Index Fund vs. ETF: What’s the Difference?

Exchange-traded funds and index funds are great for new investors and experts alike, but there are a few differences to note before you start investing.
ETF or Index Fund: Which is Right for You?

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Wondering whether exchange-traded funds, also known as ETFs, or index funds are a better investment for you? The truth is, they share more similarities than differences, but there are a few considerations that could help you decide.

Index fund vs. ETF

The main difference between index funds and ETFs is that index funds can only be traded at the end of the trading day whereas ETFs can be traded throughout the day. ETFs may also have lower minimum investments and be more tax-efficient than most index funds.

Despite their differences, index funds and ETFs do have a lot in common including diversification, low costs to invest and strong long-term returns.

What's the difference between an index fund and an ETF?

The biggest difference between ETFs and index funds is that ETFs can be traded throughout the day like stocks, whereas index funds can be bought and sold only for the price set at the end of the trading day.

For long-term investors, this issue isn’t of much concern. Buying or selling at noon or 4 p.m. will likely have little impact on the value of the investment in 20 years. However, if you’re interested in intraday trading, ETFs may better suit your needs. They can be traded like stocks, yet investors can still reap the benefits of diversification.

More differences between ETFs and index funds

In addition to how they're traded, there are a few other differences between index funds and ETFs.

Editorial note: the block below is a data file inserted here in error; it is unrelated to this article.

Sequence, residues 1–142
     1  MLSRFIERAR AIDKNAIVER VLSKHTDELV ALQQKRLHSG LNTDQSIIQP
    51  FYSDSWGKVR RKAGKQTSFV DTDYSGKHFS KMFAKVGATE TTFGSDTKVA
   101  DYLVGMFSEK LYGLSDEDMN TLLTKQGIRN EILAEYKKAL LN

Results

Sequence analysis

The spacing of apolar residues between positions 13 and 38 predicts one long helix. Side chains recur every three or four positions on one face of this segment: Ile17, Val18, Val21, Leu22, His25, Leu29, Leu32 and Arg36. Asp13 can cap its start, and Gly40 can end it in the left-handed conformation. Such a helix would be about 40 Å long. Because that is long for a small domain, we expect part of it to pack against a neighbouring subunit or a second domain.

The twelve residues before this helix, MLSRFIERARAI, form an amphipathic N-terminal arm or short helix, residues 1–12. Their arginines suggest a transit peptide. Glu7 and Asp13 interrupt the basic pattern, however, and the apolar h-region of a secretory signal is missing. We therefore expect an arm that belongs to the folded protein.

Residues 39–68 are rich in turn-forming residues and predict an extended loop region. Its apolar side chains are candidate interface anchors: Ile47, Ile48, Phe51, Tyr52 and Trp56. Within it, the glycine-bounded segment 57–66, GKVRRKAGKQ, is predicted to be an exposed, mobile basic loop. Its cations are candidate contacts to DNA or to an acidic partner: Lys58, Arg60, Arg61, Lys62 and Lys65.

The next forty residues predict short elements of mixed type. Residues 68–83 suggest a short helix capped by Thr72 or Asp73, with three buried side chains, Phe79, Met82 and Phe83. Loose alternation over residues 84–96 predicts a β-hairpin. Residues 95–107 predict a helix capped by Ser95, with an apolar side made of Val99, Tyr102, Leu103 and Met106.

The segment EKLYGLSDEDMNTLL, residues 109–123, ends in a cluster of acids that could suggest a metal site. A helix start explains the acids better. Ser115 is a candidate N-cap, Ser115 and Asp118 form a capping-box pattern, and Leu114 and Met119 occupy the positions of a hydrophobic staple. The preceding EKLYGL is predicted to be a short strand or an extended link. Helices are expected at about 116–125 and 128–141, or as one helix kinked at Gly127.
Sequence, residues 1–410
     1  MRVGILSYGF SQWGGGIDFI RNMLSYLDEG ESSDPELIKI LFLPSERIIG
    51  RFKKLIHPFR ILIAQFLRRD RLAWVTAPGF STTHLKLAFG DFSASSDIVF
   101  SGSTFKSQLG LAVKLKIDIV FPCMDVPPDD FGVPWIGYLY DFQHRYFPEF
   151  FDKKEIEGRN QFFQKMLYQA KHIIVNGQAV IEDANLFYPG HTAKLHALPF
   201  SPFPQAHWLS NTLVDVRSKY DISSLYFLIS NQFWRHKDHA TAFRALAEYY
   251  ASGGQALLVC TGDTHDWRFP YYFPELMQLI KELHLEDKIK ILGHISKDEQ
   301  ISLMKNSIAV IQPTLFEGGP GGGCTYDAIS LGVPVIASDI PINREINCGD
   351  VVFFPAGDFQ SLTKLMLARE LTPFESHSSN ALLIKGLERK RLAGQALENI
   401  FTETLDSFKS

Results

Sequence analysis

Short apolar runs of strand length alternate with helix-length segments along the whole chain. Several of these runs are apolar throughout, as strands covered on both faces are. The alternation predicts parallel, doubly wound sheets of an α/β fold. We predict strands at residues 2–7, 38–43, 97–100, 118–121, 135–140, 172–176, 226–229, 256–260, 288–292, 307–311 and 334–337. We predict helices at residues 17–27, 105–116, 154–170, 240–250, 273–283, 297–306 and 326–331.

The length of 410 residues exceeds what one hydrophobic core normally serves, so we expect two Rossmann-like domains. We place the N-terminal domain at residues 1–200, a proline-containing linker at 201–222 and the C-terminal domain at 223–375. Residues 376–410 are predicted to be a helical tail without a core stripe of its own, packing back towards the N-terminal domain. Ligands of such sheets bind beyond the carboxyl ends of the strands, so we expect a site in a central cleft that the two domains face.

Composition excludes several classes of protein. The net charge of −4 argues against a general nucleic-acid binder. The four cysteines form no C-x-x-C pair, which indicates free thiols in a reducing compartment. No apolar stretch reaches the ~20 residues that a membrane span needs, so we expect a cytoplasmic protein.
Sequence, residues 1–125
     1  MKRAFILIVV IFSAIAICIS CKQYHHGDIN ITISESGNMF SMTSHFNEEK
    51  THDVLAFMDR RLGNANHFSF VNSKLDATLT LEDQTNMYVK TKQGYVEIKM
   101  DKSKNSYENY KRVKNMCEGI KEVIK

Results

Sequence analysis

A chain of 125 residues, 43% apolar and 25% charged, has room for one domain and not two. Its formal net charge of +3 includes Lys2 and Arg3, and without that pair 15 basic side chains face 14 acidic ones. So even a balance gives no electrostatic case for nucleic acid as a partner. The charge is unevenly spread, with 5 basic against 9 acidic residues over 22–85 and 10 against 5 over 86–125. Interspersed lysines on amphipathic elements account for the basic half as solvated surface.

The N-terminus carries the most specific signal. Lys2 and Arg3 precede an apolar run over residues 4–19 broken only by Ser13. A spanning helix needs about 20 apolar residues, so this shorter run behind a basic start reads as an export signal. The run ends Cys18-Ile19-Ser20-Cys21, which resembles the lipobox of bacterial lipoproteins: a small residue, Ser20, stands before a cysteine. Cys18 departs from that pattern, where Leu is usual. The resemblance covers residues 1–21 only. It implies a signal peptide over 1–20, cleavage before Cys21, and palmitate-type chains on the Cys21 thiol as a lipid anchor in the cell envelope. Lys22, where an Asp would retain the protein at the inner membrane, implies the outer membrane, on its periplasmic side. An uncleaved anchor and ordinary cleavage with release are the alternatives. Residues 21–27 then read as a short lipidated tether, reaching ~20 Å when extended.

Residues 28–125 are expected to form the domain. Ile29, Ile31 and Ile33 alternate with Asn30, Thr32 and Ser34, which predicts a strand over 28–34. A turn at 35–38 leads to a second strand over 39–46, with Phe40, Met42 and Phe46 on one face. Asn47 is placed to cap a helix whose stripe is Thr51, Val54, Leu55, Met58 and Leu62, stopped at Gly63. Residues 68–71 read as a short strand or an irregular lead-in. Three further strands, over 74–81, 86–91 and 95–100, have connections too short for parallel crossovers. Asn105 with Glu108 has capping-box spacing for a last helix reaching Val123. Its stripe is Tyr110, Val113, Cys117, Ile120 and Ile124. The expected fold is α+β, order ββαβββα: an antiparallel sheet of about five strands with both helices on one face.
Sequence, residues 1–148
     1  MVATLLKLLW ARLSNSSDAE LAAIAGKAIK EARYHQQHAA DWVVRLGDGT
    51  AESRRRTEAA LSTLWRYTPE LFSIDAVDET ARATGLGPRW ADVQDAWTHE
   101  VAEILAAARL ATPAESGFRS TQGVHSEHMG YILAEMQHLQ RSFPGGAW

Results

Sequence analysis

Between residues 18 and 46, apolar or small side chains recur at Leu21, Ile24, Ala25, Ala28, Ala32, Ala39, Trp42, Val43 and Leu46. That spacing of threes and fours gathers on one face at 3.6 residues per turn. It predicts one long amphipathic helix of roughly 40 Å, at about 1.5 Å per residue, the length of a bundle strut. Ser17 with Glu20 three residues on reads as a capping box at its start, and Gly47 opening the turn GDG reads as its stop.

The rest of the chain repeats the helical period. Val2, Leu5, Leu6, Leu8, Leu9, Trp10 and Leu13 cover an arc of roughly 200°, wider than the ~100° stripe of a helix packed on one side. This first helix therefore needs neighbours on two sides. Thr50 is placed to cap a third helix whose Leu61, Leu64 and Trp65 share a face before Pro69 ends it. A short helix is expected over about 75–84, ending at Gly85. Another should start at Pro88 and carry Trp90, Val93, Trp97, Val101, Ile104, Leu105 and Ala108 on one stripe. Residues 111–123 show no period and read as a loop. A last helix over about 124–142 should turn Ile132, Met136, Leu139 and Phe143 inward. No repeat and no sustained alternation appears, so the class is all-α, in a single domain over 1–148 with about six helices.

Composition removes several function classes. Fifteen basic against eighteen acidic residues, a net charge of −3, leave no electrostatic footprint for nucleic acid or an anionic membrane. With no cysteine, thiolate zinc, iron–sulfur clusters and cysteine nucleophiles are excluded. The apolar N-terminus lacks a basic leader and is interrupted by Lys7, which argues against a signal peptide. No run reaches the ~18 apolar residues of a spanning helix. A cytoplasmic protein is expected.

1. The minimum investment required

In many cases, ETFs will have a lower minimum investment than index funds. Most of the time, all it takes to invest in an ETF is the amount needed to buy a single share, and some brokers, such as Robinhood, even offer fractional shares.

But for index funds, brokers often put minimums in place that might be quite a bit higher than a typical share price. If you have only a small amount to invest, consider an ETF with a share price you can afford or an index fund that has no minimum investment amount.

2. The capital gains taxes you’ll pay

ETFs are more tax-efficient than index funds by nature, thanks to the way they’re structured. When you sell an ETF, you’re typically selling it to another investor who’s buying it, and the cash is coming directly from them. Capital gains taxes on that sale are yours and yours alone to pay.

To get cash out of an index fund, you technically must redeem it from the fund manager, who will then have to sell securities to generate the cash to pay to you. When this sale is for a gain, the net gains are passed on to every investor with shares in the fund, meaning you could owe capital gains taxes without ever selling a single share.

This happens less frequently with index funds than with actively managed mutual funds (where buying and selling occur more regularly), but from a tax perspective, ETFs generally have the upper hand over index funds.